So it should not surprise us that the man possessed by demons in our Gospel reading had lived with a terrible choice: he could be chained up, or he could be homeless, living outside society in the cemetery. His own people didn’t want to give him any kindness or help. Either he was bound up like a prisoner, despite having done nothing wrong but be sick, or he was shunned and excluded and left to fend for himself in the graveyard. Those were his only two options, and both were pretty terrible. As far as we know, he had never hurt anybody, or done any damage besides breaking the chains they put on him. And the demon possession would have been horrible enough on its own, but the only things his community did were to make his life more painful than it had to be.
And then Jesus came. You know, it’s funny, but in the Gospels the people who are most likely to know who Jesus is are the demons? The religious leaders in society didn’t; even his own disciples only occasionally showed any awareness of who Jesus really was. But the demons knew, and were terrified. They were terrified because they knew Jesus would not leave them alone. They knew Jesus came to heal the people they tormented. They knew they could not continue on hurting people if Jesus came near. And so too, this demon was afraid. And it was right to be afraid of Jesus.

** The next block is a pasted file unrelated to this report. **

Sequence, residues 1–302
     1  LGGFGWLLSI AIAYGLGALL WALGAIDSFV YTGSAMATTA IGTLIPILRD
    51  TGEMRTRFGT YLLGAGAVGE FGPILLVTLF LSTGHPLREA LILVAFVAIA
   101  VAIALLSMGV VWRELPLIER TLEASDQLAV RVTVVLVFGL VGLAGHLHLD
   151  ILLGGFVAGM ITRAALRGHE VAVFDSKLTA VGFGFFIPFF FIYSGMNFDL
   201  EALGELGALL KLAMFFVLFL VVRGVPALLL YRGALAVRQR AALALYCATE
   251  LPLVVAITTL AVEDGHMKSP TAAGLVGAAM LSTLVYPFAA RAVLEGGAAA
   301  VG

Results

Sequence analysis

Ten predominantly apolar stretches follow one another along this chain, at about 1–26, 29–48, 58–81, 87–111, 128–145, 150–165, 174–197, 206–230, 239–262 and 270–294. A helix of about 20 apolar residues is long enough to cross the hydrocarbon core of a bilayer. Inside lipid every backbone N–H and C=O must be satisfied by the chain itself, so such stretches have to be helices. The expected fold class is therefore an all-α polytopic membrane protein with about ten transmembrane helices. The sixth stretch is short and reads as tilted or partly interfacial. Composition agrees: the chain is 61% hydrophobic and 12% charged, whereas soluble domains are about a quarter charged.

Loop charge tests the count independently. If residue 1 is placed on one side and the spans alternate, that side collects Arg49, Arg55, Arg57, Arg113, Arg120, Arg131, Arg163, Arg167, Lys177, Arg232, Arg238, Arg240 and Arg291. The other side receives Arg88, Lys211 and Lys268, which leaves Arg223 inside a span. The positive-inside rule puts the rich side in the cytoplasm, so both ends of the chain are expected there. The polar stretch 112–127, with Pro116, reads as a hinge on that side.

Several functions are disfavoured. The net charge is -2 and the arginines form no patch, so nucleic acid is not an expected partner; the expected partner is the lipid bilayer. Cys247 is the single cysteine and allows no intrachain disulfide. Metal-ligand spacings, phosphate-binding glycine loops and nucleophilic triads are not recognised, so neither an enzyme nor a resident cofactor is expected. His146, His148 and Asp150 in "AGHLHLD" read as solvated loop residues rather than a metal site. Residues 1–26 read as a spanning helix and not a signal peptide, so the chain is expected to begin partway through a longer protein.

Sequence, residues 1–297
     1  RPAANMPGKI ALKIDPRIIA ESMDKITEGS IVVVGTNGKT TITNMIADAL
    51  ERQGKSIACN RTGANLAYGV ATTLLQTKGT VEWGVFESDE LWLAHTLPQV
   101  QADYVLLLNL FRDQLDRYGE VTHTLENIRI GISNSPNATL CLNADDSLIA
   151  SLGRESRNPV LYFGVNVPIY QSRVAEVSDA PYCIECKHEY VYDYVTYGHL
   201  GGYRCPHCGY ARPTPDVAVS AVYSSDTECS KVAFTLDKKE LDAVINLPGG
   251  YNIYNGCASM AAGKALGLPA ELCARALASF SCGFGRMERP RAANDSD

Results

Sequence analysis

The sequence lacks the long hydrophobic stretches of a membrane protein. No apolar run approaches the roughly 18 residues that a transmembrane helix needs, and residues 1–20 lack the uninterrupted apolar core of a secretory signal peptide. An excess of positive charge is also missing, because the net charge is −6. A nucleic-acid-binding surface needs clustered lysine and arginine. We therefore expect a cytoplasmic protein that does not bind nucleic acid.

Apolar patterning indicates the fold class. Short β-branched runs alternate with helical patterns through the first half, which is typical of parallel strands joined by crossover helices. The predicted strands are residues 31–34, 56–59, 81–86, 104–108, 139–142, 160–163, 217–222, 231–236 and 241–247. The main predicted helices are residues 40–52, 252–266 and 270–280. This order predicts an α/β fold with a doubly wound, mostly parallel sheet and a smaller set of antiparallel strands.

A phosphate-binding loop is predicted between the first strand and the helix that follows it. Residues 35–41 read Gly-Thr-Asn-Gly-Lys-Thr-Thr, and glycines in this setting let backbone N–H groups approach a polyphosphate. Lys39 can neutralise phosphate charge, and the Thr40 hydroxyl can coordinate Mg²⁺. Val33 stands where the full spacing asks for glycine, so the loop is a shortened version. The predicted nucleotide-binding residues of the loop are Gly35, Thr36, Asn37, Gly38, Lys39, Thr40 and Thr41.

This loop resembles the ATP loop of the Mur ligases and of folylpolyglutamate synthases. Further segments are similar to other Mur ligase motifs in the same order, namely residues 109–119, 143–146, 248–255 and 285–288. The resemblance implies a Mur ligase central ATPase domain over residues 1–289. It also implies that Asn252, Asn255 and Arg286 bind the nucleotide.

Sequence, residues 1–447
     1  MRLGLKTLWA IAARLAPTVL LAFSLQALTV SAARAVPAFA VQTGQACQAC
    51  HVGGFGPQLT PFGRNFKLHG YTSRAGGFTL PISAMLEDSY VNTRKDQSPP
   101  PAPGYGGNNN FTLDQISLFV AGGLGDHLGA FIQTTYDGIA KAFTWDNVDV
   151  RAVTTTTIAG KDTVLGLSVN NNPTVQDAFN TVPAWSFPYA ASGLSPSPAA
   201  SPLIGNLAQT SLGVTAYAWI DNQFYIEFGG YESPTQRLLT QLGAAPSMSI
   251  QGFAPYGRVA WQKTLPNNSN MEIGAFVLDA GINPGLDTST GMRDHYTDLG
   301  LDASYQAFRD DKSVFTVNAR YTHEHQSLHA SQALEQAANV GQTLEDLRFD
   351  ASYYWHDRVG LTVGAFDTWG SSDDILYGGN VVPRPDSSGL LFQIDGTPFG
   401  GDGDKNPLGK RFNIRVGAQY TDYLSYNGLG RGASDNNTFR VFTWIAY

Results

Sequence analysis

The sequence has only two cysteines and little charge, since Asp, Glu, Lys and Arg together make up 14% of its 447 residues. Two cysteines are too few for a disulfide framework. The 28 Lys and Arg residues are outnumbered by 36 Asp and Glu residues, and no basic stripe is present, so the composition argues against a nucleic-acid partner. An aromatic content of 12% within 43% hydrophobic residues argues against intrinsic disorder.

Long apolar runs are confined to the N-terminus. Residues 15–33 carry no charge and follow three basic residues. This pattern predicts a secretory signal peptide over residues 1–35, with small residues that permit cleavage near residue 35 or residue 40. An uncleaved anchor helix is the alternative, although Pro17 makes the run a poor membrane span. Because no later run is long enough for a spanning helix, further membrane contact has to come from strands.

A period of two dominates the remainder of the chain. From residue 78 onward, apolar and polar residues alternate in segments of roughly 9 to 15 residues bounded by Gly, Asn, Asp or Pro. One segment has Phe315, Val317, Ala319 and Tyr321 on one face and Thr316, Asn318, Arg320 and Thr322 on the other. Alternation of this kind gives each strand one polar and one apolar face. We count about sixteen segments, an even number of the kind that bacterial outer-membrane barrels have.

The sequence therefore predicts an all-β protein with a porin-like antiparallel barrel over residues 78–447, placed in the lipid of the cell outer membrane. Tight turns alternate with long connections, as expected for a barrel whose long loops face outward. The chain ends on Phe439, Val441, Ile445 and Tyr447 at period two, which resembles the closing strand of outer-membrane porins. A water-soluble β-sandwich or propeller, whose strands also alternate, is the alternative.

Jesus asked the man’s name and healed him, cast out the demons so that for the first time in years the man’s mind was his own. He took a bath and got dressed. He could talk without the demon speaking for him. He was saved. Not because he was anything special or good or unique, but because that’s what Jesus does: Jesus saves people from the things that torment us, whether that is demons or sin or illness or injury or hunger or any other force. Jesus came to bring good news, to release those held captive, to liberate those oppressed, no matter who or what is holding them down.